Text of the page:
Many species in the Pea Family germinate well with hot water soaking to soften the hard seed coat, followed by a brief 10 -14 day cold-moist stratification, which you can easuly give them in a Ziplock baggie in the fridge. After the cold period, sow, bring into warmth and they often germinate very readily.
I also have two uncommon and highly desirable species of clematis, for which even the March Seedy Saturdays are too late, These clematis seeds want a period of warm-moist treatment to finish ripening the seeds, before they experience winter (cold-moist). If you get them now — and mark your calendar carefully — you will have them on hand to start conditioning them in the fall.
All Beaux Arbres seeds are now half price, that is $2.00 a packet or 8 packets for $15, while supplies last. (+$5 for shipping). Available at time of posting:
With the rescheduled Ottawa Seedy Saturday now cancelled, and diverse Horticultural Society events in question, Canada Post is the most reliable way to get your wildflower seeds. Beaux Arbres has nearly all the species we prepared for Ottawa Seedy Saturday (March 6th) still in stock. We sold out of a couple at a very busy Ottawa Valley Seedy Sunday on March 7th.
Download the species list and then send me a message via the Location and Contact page. You can send us a cheque or we can set up an email transfer. The minimum order is 4 packets (for $15). If you order 8 or more packets, we will add two bonus packets, your choice. (There will be a $5 shipping charge for any order that fits in the small bubble mailer).
Print off the list (PDF) to help plan your Seedy Saturday shopping.
Some of the seeds I have in very small quantities, perhaps because that was all I was able to harvest, or sometimes because I think the plant is a bit specialized and will be attractive to only a few gardeners. Tall Coreopsis (Coreopsis triptera) is one such. It is a nice, easy, tall yellow daisy, but the number of gardeners who need a 7 foot plant which runs is limited. However, if you have an expanse of Big Bluestem Grass (Andropogon gerardii) and want to add colour and diversity to your fledgling tall-grass prairie, Tall Coreopsis would be just the thing. If you want a tall yellow daisy which very much stays put, I have seeds, new this year, of Compass Plant (Silphium laciniatum), tap-rooted, with elegant leaves.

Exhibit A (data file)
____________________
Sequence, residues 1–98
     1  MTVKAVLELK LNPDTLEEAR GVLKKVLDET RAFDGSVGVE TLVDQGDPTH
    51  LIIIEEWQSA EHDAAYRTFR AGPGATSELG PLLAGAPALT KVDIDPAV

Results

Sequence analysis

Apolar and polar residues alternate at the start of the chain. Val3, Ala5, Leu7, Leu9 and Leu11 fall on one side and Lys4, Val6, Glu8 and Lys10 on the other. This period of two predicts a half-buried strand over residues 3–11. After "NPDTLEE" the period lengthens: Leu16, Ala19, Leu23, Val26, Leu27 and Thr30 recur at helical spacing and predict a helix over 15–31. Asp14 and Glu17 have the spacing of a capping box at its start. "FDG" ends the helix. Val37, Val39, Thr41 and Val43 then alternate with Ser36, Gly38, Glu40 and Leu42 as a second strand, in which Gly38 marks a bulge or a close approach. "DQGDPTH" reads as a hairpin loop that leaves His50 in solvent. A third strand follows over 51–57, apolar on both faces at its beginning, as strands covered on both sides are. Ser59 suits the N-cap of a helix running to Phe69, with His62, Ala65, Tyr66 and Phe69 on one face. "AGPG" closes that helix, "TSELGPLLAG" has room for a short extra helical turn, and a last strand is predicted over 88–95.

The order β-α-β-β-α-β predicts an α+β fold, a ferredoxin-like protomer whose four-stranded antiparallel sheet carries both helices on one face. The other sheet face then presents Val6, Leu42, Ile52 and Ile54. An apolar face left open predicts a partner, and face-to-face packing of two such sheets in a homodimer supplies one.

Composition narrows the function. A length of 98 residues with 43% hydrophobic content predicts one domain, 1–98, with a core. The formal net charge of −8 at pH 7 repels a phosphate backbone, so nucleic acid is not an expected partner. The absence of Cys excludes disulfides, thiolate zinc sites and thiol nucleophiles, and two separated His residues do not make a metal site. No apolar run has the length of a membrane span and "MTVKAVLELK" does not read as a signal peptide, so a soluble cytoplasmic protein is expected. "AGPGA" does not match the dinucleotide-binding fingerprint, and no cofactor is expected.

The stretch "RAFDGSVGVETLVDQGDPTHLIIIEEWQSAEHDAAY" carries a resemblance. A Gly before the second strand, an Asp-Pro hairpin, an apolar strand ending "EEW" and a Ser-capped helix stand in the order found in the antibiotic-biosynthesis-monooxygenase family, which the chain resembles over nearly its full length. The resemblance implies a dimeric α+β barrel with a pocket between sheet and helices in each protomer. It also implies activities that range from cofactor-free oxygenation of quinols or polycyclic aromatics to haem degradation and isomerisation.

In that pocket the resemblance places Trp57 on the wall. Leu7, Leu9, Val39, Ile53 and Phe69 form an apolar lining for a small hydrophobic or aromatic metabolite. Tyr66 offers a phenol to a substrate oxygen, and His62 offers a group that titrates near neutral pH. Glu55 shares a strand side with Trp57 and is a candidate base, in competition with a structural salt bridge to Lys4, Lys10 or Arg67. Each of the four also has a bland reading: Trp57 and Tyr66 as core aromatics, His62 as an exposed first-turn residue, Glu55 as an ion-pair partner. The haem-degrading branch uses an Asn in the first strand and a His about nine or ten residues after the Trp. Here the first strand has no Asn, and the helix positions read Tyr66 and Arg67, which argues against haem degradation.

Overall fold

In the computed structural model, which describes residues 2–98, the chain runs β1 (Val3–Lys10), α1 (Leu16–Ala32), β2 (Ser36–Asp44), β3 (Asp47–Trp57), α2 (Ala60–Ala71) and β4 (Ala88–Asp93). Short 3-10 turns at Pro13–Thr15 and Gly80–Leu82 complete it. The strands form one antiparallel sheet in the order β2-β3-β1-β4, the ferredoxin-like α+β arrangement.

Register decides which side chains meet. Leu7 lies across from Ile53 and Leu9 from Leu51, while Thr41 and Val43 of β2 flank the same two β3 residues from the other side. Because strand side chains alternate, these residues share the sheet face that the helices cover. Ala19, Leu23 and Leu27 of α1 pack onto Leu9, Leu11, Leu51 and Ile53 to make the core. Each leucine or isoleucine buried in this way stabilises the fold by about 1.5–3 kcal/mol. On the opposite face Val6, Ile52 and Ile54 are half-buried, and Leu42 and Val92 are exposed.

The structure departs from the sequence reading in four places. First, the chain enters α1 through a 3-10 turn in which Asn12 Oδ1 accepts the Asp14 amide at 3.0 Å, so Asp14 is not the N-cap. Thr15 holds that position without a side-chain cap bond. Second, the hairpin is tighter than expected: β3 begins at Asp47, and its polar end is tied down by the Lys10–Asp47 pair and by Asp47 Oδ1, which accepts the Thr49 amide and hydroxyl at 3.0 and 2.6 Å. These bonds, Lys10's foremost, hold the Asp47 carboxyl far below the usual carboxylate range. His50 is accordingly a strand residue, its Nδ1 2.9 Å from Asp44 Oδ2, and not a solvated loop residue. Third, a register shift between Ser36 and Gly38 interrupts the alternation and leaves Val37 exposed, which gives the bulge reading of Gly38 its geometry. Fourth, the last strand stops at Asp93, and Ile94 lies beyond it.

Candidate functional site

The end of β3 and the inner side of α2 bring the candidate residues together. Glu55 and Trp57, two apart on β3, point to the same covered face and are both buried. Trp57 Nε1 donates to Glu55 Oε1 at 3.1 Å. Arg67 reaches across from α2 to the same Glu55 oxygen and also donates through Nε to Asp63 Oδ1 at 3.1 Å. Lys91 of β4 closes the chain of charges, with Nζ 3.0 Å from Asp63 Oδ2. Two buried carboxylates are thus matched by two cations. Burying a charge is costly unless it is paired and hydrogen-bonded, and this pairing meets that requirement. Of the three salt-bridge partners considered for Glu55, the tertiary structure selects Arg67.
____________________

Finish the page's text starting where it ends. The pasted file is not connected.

Another species I have only a couple of seed packs for is Fen Grass-of-Parnassus (Parnassia glauca). Everybody loves this little charmer when they see it in bloom, but I have to warn you it is both fussy to site and very, very slow from seed – a species only patient and experienced gardeners should attempt from seed.
Lead Plant (Amorpha canescens) is a lovely summer-blooming little shrub in the Pea family. It is slow to mature but otherwise not difficult to grow in a dry, sunny spot. Each pod has only one seed, and the hard, tightly-wrapped pods must be removed for the seeds to germinate. I suspect that folks who have had difficulty germinating this species were not using hulled seeds. I go at a small heap of the pods with a heavy marble rolling pin and some elbow grease. Some of the seeds get crushed in the process but I do manage to release many seeds. I have had great germination success with seeds I have prepared this way and now offer for sale. Lead Plant is so slow and tap-rooted, it almost never appears in the nursery trade, which is a shame.
Dwarf Mountain Fleabane (Erigeron compositus) is a charming species, easy to geminate and easy to grow. I think anyone with a rock garden might like to have this little mat-forming daisy in quantity. It grows in the Canadian Rockies and also across the north to the Atlantic. It seems to be tolerant of the hot, humid summers of the Ottawa Valley.
White Camas in front of orange Butterfly Milkweed.
A few species want such a long period of cold-moist stratification I have put them in little bags with moist vermiculite and they are already (December) in my fridge: White Turtlehead, Dwarf Arctic Iris, and Beach-head Iris. If you take any of these home from Seedy Saturday in March, you can place them back in the fridge until you are ready to sow them, probably when it starts getting warm about the beginning of May. Alternatively, you can sow them and place their pot outdoors to experience natural winter temperature fluctuations.